Unlike in Saskatchewan, where couples contact a marriage commissioner directly via a database, Ontario’s single-entry point approach requires that couples deal with a central unit. In such a system — which the court warned might also fail a full constitutional test — a commissioner who does not wish to perform same-sex marriages could make that known to the central office, which could in turn consider that when giving a couple a list of available commissioners.
A random sample of Saskatchewan commissioners revealed hesitant support for such a two-tiered approach, though one commissioner, who asked not to be named, questioned whether it amounts to government-sanctioned discrimination. Several com missioners also said provincial regulations prohibit religious references in their ceremonies — which, one woman said, weakens any argument about a commissioner’s attachment to their freedom of beliefs.
     A few months ago, I wrote a paper for my Canadian Law class about the specific issue brewing in Saskatchewan. In that paper, I discussed the concepts of "lists" of marriage commissioners in depth. I stated that "this policy establishes a separate but equal policy in civil marriage law. The State would essentially be saying, yes, homosexual marriages are equal to heterosexual marriages, but heterosexuals can choose between 100% of marriage commissioners, while same-sex couples are relegated to the back of the bus ‘list’ of commissioners." That is in fact what Ontario's method does, it regulates gay and lesbians to an unequal distribution of civil resources. This alone means that it is discrimination based upon sexual orientation, which in the Egan decision, the Supreme Court of Canada found was unconstitutional.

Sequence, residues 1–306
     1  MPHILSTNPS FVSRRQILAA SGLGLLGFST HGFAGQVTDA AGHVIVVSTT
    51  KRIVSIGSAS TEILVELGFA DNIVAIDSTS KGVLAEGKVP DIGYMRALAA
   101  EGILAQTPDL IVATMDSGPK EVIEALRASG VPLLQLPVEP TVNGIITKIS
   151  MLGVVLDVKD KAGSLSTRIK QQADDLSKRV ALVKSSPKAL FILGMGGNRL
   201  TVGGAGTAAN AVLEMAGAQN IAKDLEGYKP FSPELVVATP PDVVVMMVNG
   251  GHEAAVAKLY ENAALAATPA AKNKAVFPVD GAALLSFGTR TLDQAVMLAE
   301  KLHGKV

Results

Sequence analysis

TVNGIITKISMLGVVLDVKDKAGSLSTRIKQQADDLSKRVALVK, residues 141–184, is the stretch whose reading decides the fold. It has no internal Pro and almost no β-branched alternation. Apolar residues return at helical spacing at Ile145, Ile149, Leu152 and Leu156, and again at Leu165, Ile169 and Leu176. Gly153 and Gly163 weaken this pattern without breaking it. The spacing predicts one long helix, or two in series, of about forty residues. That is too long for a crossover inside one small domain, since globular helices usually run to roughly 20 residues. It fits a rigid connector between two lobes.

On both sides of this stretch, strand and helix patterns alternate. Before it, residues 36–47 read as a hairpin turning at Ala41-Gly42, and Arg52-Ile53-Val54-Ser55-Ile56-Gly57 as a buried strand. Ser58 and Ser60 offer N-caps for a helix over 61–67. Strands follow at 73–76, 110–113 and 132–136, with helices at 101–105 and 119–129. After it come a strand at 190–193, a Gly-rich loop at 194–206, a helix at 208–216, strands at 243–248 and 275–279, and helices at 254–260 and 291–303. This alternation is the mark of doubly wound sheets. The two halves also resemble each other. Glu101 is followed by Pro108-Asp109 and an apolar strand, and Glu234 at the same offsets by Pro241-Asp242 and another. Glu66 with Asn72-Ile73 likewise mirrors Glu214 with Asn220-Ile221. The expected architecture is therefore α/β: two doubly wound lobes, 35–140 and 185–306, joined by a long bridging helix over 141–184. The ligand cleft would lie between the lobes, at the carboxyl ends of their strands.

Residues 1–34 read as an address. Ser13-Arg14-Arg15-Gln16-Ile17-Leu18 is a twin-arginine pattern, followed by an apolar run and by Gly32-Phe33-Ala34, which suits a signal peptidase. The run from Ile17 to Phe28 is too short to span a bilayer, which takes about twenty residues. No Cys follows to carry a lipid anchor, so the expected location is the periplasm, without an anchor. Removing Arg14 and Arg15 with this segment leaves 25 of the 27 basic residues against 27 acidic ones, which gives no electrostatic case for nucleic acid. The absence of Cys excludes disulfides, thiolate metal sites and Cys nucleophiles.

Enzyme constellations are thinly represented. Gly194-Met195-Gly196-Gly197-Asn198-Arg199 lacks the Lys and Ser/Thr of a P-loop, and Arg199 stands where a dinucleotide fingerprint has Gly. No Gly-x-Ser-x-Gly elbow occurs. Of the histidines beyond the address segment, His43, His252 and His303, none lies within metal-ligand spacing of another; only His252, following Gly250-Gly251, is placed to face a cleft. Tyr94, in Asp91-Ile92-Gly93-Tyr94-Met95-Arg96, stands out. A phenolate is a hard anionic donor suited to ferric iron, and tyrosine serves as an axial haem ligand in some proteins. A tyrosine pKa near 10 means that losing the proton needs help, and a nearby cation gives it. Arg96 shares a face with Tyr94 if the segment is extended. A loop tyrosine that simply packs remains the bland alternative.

Not only would this "list" policy give rise to this unequal distribution of the law and taxpayer money, it also gives governmental legitimacy for these commissioners beliefs. It is saying to these gay and lesbian couples - no matter if they blatantly see it like they did in Saskatchewan  or if they don't like in Ontario- that the government is ok with allowing others to ride roughshod over your rights if they can provide a good reason. What is the impact to gays and lesbians because of this "legitimacy"? It is a statement by government once again that our relationships are worth less than heterosexual ones. 


        Lastly, I would also question in general a commissioner who declined to marry a gay and lesbian couple on how consistent they are with the application of their beliefs. For we must ask ourselves, have we seen such an uproar or accommodation when a religious civil marriage official was required to marry someone who has been divorced, been of two different faiths, or even because they engaged in pre-marital sex, all examples of which a religious marriage official would necessarily take issue with.  Could it not be that those who are objecting on this one issue, instead of others, are not doing so because  of their religious views, but instead because they have issue with same-sex marriage in general? Instead of being consistent in their religious based refusals, could they not be using their religion as a cover to validate their own beliefs on the validity of same-sex unions?


        It is for these reasons that when I saw how the system works in Ontario, I was very disappointed. Not only does Ontario's method relegate same-sex couples to a "back of the bus" list, but it also gives governmental legitimacy to these discriminatory opinions. It allows these commissioners to use their religion as a reason to not perform their job duties. It is for these reasons that Ontario's method should be also found unconstitutional.